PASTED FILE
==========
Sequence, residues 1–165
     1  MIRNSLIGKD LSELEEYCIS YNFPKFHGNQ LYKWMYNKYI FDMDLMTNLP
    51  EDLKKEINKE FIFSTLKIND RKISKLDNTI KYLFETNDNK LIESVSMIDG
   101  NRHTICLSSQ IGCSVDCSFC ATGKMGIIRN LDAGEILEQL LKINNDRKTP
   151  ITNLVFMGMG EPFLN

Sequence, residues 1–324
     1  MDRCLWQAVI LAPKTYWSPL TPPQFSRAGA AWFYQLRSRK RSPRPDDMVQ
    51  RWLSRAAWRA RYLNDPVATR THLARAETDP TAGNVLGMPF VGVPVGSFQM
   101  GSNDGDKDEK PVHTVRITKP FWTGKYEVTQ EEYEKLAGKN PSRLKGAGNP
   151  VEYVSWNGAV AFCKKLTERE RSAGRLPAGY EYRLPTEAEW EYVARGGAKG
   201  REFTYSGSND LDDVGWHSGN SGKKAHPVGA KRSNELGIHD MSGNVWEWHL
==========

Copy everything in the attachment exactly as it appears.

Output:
Sequence, residues 1–165
     1  MIRNSLIGKD LSELEEYCIS YNFPKFHGNQ LYKWMYNKYI FDMDLMTNLP
    51  EDLKKEINKE FIFSTLKIND RKISKLDNTI KYLFETNDNK LIESVSMIDG
   101  NRHTICLSSQ IGCSVDCSFC ATGKMGIIRN LDAGEILEQL LKINNDRKTP
   151  ITNLVFMGMG EPFLN

Sequence, residues 1–324
     1  MDRCLWQAVI LAPKTYWSPL TPPQFSRAGA AWFYQLRSRK RSPRPDDMVQ
    51  RWLSRAAWRA RYLNDPVATR THLARAETDP TAGNVLGMPF VGVPVGSFQM
   101  GSNDGDKDEK PVHTVRITKP FWTGKYEVTQ EEYEKLAGKN PSRLKGAGNP
   151  VEYVSWNGAV AFCKKLTERE RSAGRLPAGY EYRLPTEAEW EYVARGGAKG
   201  REFTYSGSND LDDVGWHSGN SGKKAHPVGA KRSNELGIHD MSGNVWEWHL